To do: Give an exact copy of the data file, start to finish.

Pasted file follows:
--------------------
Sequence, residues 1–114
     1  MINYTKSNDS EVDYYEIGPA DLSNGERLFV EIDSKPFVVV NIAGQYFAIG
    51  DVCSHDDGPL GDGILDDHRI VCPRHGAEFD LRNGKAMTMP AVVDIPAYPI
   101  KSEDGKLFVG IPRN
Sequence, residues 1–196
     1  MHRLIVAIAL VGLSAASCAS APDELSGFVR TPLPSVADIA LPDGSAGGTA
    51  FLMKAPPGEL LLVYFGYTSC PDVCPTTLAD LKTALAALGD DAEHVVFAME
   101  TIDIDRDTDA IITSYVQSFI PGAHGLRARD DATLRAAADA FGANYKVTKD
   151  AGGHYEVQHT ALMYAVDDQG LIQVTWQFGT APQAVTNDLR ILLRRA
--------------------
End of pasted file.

Sequence, residues 1–114
     1  MINYTKSNDS EVDYYEIGPA DLSNGERLFV EIDSKPFVVV NIAGQYFAIG
    51  DVCSHDDGPL GDGILDDHRI VCPRHGAEFD LRNGKAMTMP AVVDIPAYPI
   101  KSEDGKLFVG IPRN
Sequence, residues 1–196
     1  MHRLIVAIAL VGLSAASCAS APDELSGFVR TPLPSVADIA LPDGSAGGTA
    51  FLMKAPPGEL LLVYFGYTSC PDVCPTTLAD LKTALAALGD DAEHVVFAME
   101  TIDIDRDTDA IITSYVQSFI PGAHGLRARD DATLRAAADA FGANYKVTKD
   151  AGGHYEVQHT ALMYAVDDQG LIQVTWQFGT APQAVTNDLR ILLRRA